Shelby County Infirmary
|Shelby County Infirmary|
|Building Style||Single Building|
On March 23, 1866 the Shelby County Commissioners bought a farm of 158 acres southwest of Sidney to be used for a County Home farm. The farm was purchased for $8,500. A farmhouse on the grounds was used to accommodate any unfortunates who found their way there until the impressive three –story building was erected in 1869. The building was brick with a mansard roof and situated back off the main road. The institution in the beginning housed thirty-eight inmates. Its structure was designed to hold 90 “paupers,” with a brick building at the rear was intended to house the mentally deficient. A beautifully kept lawn was in front to the home while the rest of the farm was highly cultivated. Livestock and crops raised on the farm were used to feed those who resided there.
There were no elevators in the old infirmary. This made moving residents from floor to floor extremely difficult. Farming operations were still in full swing until the move to the new facility. Those residents, who wanted to and were able to, worked on the farm. The residents grew corn, soybeans, wheat and oats, raised cattle, hogs and chickens. The crops were used to feed the livestock and the residents consumed the meat. Over the years, the old image of the “infirmary” has disappeared. It slowly changed its image form a home for the poor to a home for the elderly.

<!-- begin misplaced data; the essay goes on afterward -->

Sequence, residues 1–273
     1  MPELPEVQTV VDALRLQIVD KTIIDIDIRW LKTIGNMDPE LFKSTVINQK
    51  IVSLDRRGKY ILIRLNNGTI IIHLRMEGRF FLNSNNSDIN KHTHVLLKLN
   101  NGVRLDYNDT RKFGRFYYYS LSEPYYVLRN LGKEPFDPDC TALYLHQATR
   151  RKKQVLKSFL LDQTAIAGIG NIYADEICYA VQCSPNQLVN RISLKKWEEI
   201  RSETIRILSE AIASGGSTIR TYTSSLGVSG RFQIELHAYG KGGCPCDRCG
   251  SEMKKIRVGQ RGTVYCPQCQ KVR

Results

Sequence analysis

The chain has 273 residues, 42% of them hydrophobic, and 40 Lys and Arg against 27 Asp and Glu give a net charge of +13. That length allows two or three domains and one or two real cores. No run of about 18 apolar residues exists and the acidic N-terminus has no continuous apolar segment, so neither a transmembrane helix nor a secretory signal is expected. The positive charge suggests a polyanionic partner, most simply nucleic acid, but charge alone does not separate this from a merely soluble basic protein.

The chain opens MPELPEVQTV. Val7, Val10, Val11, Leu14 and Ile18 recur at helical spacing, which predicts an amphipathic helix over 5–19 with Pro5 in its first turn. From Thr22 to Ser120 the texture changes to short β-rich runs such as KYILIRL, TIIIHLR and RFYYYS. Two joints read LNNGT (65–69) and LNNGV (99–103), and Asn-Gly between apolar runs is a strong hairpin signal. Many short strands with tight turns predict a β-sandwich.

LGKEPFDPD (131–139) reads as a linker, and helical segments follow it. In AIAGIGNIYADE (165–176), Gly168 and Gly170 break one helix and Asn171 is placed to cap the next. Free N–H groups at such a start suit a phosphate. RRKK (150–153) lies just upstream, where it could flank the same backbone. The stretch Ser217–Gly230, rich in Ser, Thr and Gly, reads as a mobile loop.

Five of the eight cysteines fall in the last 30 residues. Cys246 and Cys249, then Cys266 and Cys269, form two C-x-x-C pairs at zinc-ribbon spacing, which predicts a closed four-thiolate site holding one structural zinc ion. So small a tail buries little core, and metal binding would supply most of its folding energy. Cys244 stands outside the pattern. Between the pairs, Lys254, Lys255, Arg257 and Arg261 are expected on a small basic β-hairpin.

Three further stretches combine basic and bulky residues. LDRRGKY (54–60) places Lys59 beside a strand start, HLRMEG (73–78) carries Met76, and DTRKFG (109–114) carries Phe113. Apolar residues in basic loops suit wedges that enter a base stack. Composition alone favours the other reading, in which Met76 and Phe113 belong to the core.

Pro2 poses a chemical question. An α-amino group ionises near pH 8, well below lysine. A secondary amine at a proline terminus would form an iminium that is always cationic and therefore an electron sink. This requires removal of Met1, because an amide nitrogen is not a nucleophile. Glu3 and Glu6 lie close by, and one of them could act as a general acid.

In 1969 the first part of the existing county home was completed. In the early 1970’s the old infirmary was torn down and by 1975, a new wing had already been added to the new county home. Today, Fair Haven has three additional wings to the original building. Currently, Fair Haven is a 134-bed facility. One of those wings is used for an Alzheimer/Dementia unit.